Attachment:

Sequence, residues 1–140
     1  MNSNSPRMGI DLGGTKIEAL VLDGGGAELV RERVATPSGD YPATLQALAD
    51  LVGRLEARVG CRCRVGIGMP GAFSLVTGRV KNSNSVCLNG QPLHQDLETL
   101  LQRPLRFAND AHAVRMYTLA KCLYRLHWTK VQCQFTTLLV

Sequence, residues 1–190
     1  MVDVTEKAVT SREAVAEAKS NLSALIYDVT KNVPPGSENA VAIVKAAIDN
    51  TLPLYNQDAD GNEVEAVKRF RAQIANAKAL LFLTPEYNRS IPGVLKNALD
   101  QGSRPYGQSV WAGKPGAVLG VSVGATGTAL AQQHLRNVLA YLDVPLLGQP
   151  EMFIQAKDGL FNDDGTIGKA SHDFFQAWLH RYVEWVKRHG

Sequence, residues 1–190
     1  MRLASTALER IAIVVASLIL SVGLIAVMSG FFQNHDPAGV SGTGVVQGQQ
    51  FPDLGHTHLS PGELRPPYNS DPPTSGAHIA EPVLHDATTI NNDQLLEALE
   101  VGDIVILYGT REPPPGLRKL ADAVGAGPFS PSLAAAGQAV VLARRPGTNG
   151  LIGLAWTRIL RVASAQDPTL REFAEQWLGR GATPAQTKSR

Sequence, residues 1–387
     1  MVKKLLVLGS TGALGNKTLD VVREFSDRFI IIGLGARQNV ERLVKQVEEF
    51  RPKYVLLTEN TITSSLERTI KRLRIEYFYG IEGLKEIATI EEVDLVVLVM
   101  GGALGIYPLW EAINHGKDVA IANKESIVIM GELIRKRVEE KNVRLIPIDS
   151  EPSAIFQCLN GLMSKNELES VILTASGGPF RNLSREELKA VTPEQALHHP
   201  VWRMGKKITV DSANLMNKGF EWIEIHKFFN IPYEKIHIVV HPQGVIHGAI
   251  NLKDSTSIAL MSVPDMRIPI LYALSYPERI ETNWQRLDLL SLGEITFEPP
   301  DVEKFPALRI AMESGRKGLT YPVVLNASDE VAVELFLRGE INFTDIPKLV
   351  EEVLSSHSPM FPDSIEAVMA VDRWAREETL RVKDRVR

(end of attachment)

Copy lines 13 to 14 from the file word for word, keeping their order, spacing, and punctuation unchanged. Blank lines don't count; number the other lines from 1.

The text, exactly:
   101  VGDIVILYGT REPPPGLRKL ADAVGAGPFS PSLAAAGQAV VLARRPGTNG
   151  LIGLAWTRIL RVASAQDPTL REFAEQWLGR GATPAQTKSR